“[…]PIP coverage allows anyone covered by such a policy to file their own PIP claim with their insurance carrier (as opposed to the other party’s insurance carrier). Then, each driver involved the accident’s own insurer will pay their insured’s damages up to what’s allowable in the state they reside. When bodily injury expenses are in excess of that amount, the injured party can then proceed to file a lawsuit directly against the other driver said to have caused the accident.”
It’s this statute that makes Personal Injury Protection a priority for drivers in states like Florida that require the coverage in order to file a claim. While each case is vastly different and only an experienced lawyer should advise the client to the specifics of their situation, it need only take one look at Florida’s laws to understand that being a fully covered motorist in the state is to every safe driver’s benefit.
“Pure Comparative Negligence” in Florida
The complexities come into play when injuries sustained are severe and often permanent; that’s when the laws change and only a board certified lawyer can provide the correct advice on how a client should proceed to obtain compensation, and a fair trial, if necessary.
After certain severe injuries are sustained, it’s at this point, a driver may file a claim against the other driver, and then should a lawyer advise a client to do so, a lawsuit may be filed with proper care taken to gather all facts in a timely and efficient manner. Shaked Law Fact: A lawyer with experience will advise their client ahead of time that when filing a claim for damages to a vehicle involved in an accident, “No Fault” in the state of Florida will not apply in this instance. Instead, the injured party should file their claim with the other driver’s insurance company.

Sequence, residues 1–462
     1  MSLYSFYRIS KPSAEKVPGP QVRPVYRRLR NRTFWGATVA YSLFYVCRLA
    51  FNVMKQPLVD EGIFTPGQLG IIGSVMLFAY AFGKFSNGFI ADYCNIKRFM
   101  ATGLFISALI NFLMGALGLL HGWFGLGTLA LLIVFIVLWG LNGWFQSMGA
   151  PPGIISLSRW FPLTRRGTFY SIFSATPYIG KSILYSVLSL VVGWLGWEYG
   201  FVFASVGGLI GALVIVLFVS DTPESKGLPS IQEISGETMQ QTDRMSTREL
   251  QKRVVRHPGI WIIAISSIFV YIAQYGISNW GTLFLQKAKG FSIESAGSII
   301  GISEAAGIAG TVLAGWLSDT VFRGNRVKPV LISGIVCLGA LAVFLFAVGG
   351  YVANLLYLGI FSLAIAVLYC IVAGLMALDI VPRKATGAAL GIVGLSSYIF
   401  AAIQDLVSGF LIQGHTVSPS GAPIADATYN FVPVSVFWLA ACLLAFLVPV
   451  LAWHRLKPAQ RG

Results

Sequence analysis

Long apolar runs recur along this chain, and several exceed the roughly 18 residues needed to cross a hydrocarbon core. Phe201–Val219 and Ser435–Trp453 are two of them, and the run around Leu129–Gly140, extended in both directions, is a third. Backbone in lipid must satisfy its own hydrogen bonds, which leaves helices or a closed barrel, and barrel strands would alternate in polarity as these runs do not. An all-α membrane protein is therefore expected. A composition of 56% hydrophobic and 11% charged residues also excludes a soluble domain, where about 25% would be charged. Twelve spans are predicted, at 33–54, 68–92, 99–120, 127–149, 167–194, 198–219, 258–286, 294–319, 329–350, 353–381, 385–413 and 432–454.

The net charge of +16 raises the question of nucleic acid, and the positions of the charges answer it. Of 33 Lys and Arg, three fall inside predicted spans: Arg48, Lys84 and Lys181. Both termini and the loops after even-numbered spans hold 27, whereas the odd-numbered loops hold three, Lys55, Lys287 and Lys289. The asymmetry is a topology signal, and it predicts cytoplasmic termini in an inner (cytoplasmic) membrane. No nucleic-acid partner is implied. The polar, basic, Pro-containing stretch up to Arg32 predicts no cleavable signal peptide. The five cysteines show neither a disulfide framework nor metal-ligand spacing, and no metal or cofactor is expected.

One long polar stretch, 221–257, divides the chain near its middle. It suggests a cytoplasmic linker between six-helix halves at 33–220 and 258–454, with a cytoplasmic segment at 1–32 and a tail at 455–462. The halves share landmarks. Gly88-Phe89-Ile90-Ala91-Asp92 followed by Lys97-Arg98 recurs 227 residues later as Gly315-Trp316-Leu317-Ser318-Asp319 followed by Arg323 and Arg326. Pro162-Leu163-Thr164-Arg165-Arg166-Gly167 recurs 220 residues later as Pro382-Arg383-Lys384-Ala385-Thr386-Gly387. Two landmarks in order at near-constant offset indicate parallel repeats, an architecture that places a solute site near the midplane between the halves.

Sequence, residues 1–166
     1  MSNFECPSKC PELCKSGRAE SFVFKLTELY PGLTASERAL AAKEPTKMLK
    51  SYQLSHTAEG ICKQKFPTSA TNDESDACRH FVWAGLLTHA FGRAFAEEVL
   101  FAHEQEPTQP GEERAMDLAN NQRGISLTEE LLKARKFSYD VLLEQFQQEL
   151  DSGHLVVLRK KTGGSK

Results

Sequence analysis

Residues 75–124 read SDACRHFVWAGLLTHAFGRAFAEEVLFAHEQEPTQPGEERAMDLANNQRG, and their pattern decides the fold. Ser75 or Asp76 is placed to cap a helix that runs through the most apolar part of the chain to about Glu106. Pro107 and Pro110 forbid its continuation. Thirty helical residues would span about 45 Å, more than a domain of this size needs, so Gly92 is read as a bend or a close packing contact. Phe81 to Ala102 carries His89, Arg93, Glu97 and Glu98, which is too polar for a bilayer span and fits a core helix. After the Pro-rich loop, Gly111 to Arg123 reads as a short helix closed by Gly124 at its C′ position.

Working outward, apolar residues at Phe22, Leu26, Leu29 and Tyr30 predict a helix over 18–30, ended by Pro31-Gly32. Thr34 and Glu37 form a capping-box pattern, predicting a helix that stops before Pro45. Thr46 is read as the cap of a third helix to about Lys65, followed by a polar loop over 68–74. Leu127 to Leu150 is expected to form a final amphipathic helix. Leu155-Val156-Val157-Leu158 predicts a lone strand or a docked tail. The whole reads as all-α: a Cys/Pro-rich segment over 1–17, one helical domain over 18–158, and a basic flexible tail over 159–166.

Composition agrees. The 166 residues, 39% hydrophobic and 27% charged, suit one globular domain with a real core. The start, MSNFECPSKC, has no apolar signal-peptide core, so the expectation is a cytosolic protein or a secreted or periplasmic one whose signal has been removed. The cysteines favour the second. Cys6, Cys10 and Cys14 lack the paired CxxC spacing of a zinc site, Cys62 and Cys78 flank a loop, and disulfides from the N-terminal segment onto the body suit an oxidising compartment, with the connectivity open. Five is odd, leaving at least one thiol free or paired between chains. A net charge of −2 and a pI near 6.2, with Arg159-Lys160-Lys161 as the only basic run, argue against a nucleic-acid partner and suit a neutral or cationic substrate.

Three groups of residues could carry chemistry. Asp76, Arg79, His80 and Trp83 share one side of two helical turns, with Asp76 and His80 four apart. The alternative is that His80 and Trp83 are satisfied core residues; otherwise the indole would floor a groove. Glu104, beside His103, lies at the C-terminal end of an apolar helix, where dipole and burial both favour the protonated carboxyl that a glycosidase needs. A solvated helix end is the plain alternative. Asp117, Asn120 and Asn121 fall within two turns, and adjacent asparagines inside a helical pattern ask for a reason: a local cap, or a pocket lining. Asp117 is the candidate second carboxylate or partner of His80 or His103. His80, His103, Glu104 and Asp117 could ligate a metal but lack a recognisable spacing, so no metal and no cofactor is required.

Again, when it comes to state-specific laws, Florida is a “Pure Comparative Negligence” state. What does this mean to the average driver? Again, we’ll provide a better explanation. In the state of Florida, when a case must go all the way to trial for lack of agreed upon settlement offer that’s fair to the injured party, it’s then up to the judge and/or the jury in that case to compare fault between drivers (“plaintiff” and “defendant”).
How does this unfold, exactly? Once the judge and jury have gathered the necessary information throughout the trial (this can include but isn’t limited to financials, accident recreation, and expert witnesses) His or Her Honor will then accurately calculate the percentage of fault placed upon each driver and reduce or raise awarded damages justly. This is something that can often not be managed in a mediation if catastrophic injuries were sustained.
Up next: going deeper into “Damages”
In Part 2 of our first article series of 2019, we’ll explore limits on damages specific to the state of Florida. We’ll explore how while complex, Florida is also a state with few limitations placed upon accident compensation and how this allows for a better chance of fair and just compensation for a victim who suffered catastrophic car accident injuries. We’ll also begin to explore the statute of limitations specific to the state of Florida, and continue to pursue this topic in Part 3.